ATLANTIC CITY, N.J. — After Arturo Gatti was stopped on a fifth-round TKO by Oscar De La Hoya four years ago, several people thought it was time for Gatti to call it quits. He was only 28 and the wear and tear from several ring wars gave him the look of a shot fighter.
Thanks to a change from brawler to boxer — adapted along the way through three epic wars with Micky Ward — Gatti has resurrected his career, won the WBC super lightweight title and is back on top.
Gatti (38-6, 29 KOs) will make his second title defense in a 12-round match tonight against James Leija (47-6-2, 1 NC, 19 KOs) at Boardwalk Hall in Atlantic City.
If Gatti wins, he will be in line for a mega-match against Floyd Mayweather Jr., who beat Henry Bruseles in a tuneup last week in Miami. And beyond that there are promising matches against Kostya Tszyu and Miguel Cotto.
Gatti’s timing couldn’t be better. He is one of the hottest boxers in one of the most competitive divisions. And to think that just four years ago some were ready to put him on the scrap heap.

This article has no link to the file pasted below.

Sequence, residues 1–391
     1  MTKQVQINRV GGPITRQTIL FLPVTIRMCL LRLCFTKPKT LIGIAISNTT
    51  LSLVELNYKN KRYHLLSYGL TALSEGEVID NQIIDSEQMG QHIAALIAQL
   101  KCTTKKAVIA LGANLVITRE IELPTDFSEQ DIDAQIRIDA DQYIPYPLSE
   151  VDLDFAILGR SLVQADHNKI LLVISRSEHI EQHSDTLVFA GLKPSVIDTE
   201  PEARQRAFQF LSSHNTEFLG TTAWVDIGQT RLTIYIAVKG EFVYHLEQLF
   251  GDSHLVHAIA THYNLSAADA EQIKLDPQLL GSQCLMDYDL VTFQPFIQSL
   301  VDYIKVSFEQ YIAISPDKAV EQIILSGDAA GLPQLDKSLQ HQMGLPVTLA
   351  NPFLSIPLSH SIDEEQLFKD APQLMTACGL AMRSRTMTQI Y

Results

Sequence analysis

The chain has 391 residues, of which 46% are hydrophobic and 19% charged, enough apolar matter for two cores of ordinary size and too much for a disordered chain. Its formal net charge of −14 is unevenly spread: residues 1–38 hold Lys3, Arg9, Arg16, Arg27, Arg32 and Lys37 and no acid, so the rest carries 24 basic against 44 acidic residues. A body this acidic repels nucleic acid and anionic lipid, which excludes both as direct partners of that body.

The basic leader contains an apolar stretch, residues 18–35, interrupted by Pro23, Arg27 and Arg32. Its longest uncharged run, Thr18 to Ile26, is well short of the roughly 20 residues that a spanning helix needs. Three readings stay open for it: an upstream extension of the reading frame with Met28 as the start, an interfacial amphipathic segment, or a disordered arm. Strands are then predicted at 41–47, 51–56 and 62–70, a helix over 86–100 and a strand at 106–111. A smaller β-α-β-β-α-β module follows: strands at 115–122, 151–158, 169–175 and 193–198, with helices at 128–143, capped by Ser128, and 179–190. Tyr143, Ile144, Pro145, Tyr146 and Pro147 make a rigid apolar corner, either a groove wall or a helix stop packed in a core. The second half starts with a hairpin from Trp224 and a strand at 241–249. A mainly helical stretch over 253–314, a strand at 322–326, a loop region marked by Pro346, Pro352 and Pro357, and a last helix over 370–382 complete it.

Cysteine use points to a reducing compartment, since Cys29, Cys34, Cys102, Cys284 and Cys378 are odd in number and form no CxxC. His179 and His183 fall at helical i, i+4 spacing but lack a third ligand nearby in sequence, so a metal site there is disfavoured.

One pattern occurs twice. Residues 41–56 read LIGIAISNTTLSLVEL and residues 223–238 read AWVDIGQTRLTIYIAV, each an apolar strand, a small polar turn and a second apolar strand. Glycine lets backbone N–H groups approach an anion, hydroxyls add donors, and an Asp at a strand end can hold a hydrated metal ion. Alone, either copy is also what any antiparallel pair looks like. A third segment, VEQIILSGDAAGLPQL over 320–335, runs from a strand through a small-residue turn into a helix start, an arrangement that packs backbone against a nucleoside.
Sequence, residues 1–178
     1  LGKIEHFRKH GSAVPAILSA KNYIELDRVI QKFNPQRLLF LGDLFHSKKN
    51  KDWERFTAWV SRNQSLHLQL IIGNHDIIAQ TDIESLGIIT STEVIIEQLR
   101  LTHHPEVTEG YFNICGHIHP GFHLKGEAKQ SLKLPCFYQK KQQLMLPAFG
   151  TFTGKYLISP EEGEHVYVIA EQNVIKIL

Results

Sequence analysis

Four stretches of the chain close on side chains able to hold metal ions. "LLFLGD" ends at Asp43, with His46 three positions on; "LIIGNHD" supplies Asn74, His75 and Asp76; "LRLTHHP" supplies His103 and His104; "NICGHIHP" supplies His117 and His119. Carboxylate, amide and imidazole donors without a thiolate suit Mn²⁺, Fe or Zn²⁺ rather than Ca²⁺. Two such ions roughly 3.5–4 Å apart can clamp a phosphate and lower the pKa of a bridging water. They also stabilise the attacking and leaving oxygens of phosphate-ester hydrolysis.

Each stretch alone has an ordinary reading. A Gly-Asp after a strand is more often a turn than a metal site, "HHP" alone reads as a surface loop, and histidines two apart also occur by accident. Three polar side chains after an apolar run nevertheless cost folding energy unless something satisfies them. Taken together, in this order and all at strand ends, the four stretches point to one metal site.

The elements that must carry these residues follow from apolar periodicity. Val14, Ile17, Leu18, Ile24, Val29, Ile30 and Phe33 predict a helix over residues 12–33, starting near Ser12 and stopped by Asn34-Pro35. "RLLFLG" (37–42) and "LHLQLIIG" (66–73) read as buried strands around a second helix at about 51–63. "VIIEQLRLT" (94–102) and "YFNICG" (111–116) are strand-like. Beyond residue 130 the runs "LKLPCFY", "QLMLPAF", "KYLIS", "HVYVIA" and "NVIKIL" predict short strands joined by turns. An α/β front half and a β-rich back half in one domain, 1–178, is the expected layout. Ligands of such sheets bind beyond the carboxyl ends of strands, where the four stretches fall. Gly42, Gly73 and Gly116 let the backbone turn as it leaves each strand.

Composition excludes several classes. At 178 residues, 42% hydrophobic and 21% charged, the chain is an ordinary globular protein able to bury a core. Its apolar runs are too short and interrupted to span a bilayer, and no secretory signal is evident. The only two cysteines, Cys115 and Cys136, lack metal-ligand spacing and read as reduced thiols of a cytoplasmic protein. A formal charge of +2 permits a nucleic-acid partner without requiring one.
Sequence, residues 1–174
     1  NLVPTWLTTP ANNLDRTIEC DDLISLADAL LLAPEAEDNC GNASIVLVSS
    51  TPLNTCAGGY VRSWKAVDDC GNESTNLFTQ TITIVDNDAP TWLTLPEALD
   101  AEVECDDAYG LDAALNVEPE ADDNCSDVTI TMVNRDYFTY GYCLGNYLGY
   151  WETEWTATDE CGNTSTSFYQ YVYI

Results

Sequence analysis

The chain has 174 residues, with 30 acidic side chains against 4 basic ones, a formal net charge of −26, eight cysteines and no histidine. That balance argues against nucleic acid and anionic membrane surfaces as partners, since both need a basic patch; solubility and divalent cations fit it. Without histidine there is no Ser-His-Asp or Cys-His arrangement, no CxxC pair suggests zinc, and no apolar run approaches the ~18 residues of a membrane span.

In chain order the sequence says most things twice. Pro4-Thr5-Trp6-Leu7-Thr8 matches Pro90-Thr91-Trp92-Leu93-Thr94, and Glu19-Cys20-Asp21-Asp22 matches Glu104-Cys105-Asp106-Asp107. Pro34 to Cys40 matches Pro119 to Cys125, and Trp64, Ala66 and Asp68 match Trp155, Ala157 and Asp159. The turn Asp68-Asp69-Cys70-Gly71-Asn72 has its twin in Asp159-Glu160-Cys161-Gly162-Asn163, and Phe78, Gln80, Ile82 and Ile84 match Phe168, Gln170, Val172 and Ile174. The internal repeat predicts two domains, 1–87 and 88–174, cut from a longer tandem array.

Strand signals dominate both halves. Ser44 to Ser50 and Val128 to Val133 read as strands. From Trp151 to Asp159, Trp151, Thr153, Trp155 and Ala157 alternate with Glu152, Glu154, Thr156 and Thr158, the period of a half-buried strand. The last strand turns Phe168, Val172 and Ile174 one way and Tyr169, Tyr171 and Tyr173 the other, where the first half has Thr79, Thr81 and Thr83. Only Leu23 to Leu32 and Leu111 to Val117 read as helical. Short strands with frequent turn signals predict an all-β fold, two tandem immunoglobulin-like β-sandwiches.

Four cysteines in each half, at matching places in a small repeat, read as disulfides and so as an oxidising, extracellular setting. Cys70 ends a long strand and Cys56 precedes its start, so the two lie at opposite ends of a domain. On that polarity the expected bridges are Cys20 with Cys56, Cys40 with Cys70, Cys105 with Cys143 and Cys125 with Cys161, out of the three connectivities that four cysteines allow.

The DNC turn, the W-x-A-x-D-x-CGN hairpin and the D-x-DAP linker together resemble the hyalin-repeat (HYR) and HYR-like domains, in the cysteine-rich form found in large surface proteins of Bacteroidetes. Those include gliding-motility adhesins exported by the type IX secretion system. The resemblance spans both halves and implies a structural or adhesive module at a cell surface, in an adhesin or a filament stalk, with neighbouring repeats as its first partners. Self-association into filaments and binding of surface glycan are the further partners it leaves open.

“Look at me now,” Gatti said recently. “I feel good. I’m in great shape.”
Indeed, Gatti weighed in at a fit and trim 140 pounds on Friday. Leija was also at the mandatory 140-pound limit.
Much of Gatti’s transformation has come from his willingness to switch styles. Right after the loss to De La Hoya, Gatti decided to hire Buddy McGirt as his trainer. McGirt had been watching Gatti from early in his career.
“Along the way he got caught up in entertaining the crowd, getting into slugfests and looking for the one-punch knockout,” McGirt said. “It was easy to get him to go back to basics, really. He wanted to extend his career and he knew the only way to do that was to box.”
Gatti is 5-1 in his two years with McGirt. The only loss was the first bout against Ward, when he threw the boxing fundamentals out the window and decided to brawl.
McGirt said the stylistic switch probably extended Gatti’s career by three or four years.
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